Check out the PLACE blog for more information

Senior Alex Lam wins two bronze medals at the 2014 Fencing Summer Nationals

Send by email
We salute you!

Alex was 3rd out of 67 in the Division 1A Men's Saber and 3rd out of 262 in the Junior Men's Saber (U19) events in Columbus, Ohio.

His national ranking in the Junior Men's Saber (U19) category moved from 34th to 22nd in the country. He is currently in the top 10 of U19 high school fencers.

Alex was also named to the first team of the 2014 USA Fencing All-Academic Team.

Commencement 2014 photo gallery

Send by email
Congratulations to the newest members of the Alumni Association!

 

Alumni News, Spring 2014

Send by email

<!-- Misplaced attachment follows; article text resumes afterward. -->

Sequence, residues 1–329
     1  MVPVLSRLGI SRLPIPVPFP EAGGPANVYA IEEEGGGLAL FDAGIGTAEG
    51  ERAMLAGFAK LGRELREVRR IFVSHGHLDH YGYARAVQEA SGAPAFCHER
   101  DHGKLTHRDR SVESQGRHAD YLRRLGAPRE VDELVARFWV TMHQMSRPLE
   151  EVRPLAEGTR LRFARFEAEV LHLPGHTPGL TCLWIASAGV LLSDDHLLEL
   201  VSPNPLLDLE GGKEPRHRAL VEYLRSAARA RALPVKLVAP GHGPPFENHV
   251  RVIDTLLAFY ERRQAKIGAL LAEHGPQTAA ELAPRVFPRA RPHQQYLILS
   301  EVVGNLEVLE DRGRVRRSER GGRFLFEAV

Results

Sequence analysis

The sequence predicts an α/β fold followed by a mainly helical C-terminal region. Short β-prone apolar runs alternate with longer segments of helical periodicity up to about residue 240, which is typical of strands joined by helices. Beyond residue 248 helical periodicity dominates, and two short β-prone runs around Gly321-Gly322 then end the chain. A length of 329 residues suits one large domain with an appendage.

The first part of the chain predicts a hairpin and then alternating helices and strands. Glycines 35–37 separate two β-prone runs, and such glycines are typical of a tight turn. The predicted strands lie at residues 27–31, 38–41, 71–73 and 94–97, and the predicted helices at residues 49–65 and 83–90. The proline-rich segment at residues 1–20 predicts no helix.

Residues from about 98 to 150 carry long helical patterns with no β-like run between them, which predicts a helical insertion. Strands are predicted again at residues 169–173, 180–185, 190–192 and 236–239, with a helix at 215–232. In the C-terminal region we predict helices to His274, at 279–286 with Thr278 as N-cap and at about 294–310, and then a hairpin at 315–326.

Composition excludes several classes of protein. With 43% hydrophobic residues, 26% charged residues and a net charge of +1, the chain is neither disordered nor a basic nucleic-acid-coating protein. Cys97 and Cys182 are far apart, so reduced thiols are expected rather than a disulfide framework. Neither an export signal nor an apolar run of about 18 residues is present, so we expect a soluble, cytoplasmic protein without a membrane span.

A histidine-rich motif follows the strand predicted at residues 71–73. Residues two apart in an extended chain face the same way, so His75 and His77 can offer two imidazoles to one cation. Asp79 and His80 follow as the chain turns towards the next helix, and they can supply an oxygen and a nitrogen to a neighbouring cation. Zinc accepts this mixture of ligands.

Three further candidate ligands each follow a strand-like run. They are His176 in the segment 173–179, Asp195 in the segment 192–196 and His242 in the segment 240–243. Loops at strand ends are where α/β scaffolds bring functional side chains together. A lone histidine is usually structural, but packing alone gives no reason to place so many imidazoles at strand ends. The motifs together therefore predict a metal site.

From the Spring 2014 Caller

MEET ALUMNI DIRECTOR SPRINAVASA BELL BROWN ’02

My inspirational Catlin Gabel moment
I was lucky enough to be a student when esteemed author and lecturer Mark Mathabane was a faculty member. He was a soft-spoken man with intense eyes, a gracious spirit, and somber intensity about him. He was a true kindred spirit. He led a trip to New York hosted by the student group SPEED/UJIMA, during which I realized my eagerness to learn more about the enigma of race, diversity, class, and social injustice not just in America but worldwide. He influenced my love of African history and African American literature and inspired me to obtain a degree in African American studies from Oberlin College.
 
What is most different about Catlin Gabel 12 years later?